Historically, law enforcement has always been at a disadvantage. The Public Enemy Acts of the l930′s were sought out to outlaw ethnic criminal organizations. At the time, they were applauded as a fitting response to the public menace of organized crime. However, as might be expected, they were subsequently stricken by state and federal courts. The U.S. Supreme Court declared the New Jersey’s Public Enemy Act unconstitutional, concluding that the word “gang” had any number of meanings. This, of course, made the statute so vague it was unbefitting the due process clause of the Fourteenth Amendment (Burrell 1990). The Public Enemy Acts were stricken.

A definition for “gang” has been attempted for a number of years going back as far as People v. Zammora in l940. Currently “gang” connotes “opprobrious implication” (People v.Perez 1981). While a bit more focused, this is still quite illusive and full of loopholes.

Gang members, cholos, low riders and other flamboyant car/social club members are frequently distinctly different types of youths The gang members are generally considered a criminal element, but car club members, on the other hand, are often youths who attend school and work part time as well (usually to support their cars). They do not necessarily take part in illegal activities, certainly not as part of the car club philosophy, other than to get stopped for traffic violations from time to time.


The problem of youth street gangs in urban areas is not only devastating to the community, it is also very expensive. The cost of gang-connected law enforcement, trials, various judicial proceedings, imprisonment and/or rehabilitation programs is all being underwritten by the taxpayers at a very high premium (Thompson & Jason 1988:323).

Be that as it may, the community has also demanded protection against over-generalized sweeps. Thus, although there is a “Street Terrorism Act” in place, the act does not define “gang member.”

On the other hand, the community also needs to consider that while every call carries with it some element of danger, from the police officers’ perspective, gang-related calls are a certain threat not only to the neighborhood experiencing a problem, but to the responding officers’ personal safety. Making arrests of suspected gang members is tricky business with police officers at a disadvantage at every turn.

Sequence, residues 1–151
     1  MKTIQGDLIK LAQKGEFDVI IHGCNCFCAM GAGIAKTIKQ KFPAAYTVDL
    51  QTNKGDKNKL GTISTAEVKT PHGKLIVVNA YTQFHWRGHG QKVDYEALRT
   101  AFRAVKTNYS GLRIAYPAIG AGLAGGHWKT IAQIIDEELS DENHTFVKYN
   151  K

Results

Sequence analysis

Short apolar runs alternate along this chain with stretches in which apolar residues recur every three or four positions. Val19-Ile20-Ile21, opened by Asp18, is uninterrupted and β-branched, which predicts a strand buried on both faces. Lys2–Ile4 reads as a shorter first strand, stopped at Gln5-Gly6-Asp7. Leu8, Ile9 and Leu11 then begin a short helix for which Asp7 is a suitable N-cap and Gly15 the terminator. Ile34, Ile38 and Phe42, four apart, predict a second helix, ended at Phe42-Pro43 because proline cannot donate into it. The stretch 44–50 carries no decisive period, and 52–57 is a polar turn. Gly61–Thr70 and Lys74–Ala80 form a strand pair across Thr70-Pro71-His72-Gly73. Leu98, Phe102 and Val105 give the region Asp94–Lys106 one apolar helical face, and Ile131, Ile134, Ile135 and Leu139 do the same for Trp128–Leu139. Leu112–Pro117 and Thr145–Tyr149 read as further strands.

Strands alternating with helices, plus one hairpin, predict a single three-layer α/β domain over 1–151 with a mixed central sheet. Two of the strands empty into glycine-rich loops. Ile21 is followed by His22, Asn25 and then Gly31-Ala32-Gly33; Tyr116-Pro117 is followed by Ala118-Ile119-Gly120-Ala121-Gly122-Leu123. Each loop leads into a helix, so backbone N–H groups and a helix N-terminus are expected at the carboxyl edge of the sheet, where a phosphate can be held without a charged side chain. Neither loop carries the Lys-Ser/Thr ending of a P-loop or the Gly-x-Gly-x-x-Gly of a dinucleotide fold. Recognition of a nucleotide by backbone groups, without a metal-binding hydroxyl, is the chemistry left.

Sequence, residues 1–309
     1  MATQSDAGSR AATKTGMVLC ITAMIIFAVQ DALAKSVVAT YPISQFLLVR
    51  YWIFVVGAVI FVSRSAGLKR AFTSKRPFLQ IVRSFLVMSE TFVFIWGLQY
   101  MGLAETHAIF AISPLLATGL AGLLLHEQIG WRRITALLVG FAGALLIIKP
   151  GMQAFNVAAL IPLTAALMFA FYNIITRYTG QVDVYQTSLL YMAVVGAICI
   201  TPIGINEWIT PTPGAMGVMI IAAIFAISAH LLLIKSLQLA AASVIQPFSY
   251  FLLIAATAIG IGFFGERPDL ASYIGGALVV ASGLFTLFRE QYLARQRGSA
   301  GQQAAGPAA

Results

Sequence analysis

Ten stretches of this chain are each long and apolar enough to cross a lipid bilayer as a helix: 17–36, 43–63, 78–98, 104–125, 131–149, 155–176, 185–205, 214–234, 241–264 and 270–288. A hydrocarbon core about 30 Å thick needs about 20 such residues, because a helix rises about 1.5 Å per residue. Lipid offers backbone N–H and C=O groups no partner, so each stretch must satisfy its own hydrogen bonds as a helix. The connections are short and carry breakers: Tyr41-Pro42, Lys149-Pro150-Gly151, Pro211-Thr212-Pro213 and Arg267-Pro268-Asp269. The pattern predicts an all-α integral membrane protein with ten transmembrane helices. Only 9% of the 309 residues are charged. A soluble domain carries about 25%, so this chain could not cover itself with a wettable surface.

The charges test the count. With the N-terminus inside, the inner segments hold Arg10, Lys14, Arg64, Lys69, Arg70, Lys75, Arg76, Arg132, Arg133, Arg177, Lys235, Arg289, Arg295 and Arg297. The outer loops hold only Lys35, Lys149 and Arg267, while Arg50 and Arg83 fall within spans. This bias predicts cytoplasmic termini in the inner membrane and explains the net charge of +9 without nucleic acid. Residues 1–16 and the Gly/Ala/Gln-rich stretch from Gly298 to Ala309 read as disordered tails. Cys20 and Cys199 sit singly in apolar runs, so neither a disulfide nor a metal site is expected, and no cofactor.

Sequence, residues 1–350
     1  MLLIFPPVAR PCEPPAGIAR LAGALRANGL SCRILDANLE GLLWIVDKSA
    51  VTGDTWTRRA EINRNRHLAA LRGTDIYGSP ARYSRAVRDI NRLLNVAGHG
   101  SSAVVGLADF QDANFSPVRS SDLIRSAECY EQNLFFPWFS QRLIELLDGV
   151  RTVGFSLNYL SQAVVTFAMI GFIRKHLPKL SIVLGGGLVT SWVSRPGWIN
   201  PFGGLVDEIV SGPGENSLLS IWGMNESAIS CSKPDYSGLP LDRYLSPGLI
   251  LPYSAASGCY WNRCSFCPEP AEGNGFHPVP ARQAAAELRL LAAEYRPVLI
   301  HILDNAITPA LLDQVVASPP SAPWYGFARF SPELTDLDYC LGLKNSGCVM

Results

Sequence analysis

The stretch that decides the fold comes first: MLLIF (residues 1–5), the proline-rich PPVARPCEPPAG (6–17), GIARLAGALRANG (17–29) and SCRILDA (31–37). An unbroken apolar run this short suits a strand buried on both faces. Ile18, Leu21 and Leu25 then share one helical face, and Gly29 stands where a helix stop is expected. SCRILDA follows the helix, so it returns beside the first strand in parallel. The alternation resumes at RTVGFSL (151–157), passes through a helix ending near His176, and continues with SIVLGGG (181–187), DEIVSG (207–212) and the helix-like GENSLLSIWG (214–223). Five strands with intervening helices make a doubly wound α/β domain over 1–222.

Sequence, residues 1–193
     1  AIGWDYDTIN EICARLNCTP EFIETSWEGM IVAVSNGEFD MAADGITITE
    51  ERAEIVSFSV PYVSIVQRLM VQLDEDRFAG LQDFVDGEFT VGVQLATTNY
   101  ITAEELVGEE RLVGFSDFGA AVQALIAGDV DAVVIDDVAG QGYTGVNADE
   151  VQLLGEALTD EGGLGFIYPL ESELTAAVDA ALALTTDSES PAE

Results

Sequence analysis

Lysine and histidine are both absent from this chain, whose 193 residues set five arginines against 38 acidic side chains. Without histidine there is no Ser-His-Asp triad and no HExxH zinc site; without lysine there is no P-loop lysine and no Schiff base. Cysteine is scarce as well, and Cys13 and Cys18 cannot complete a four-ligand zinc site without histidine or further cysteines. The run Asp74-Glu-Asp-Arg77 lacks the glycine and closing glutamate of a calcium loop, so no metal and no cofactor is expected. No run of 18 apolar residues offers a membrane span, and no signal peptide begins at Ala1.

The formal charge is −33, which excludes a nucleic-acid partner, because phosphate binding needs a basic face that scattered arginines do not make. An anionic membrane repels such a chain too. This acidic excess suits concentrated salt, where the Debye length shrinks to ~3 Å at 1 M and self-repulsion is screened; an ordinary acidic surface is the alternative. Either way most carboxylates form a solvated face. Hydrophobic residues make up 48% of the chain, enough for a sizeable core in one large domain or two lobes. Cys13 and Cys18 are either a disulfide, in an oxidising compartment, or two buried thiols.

Even in an all out “war against gangs” initiative, an unexpected kind of back-lash has resulted in some instances. Suddenly the already over-burdened police station finds itself in the middle of an overwhelming number of arrests to process. Some offices have set up temporary mobile booking units, using their already beleagured clerks and staff, but most have been unable to deal with the mountain of newly created work.


Obviously, affiliating with a street gang in and of itself cannot be considered a crime. The first and fourteenth amendments prohibit the imposition of civil or criminal penalties for mere affiliation with others. Our constitution protects against guilt by association.

Furthermore, under our system of government, a jury cannot reason that young people have criminal dispositions simply because they belong to a gang and that gang commits crimes. This may seem like a reasonable conclusion knowing that street gangs commit crimes. But many aspects of our laws are befuddling to the citizens these days, although in the long run they are there for our own individual protection.

While there may seem to be a contradiction in purpose here, the point is that without proof that a particular individual committed a crime and not just that s/he is a member of a gang, that individual walks. (the People v. Cardenas and the El Monte Flores Gang l982) There is no doubt that many an accomplice has gotten off by this route.

Furthermore, the police cannot “pat-down” any gang member based on a generalized belief that s/he is carrying a weapon. However, if the officer deems present danger to self (Michigan v. Long) (see also People v. Lawler ) then gang members may indeed be searched – “patted-down.” On the other side of that coin is the lamentable fact that some officers may deem present danger when indeed there is none, and herein lie the seeds of discontent in the community and accusations of police harassment.

Another problem is that of specifying exactly what a minor’s constitutional rights really are. Growing out of this issue, many curfew ordinances have been criticized as unconstitutional. Clearly, the rights of a minor are not altogether the same as the rights of adults. The state derives a good deal of power to control children’s behavior because of their vulnerability. (Silverman The Municipality 1994). Confronting the system on behalf of juveniles arises out of guarantees provided in various constitutional amendments, namely:

However, there have been situations in which gangs have lost disputes concerning their rights. For example, some criminal gang activity statues (like the one recently enacted in Wisconsin) have been upheld. Here the findings indicate that the statute did not infringe upon a defendant’s right of association guaranteed by the federal constitution. Also, in California STEP, an anti-gang Street Terrorism Enforcement and Protection Act, was found to be constitutional as well. It barred two gangs from a particular park in San Fernando, California.

While the law and the community may seem to be at odds, some of the best and most successful solutions to the gang problem are those in which the two worked in tandem. (See Solutions section)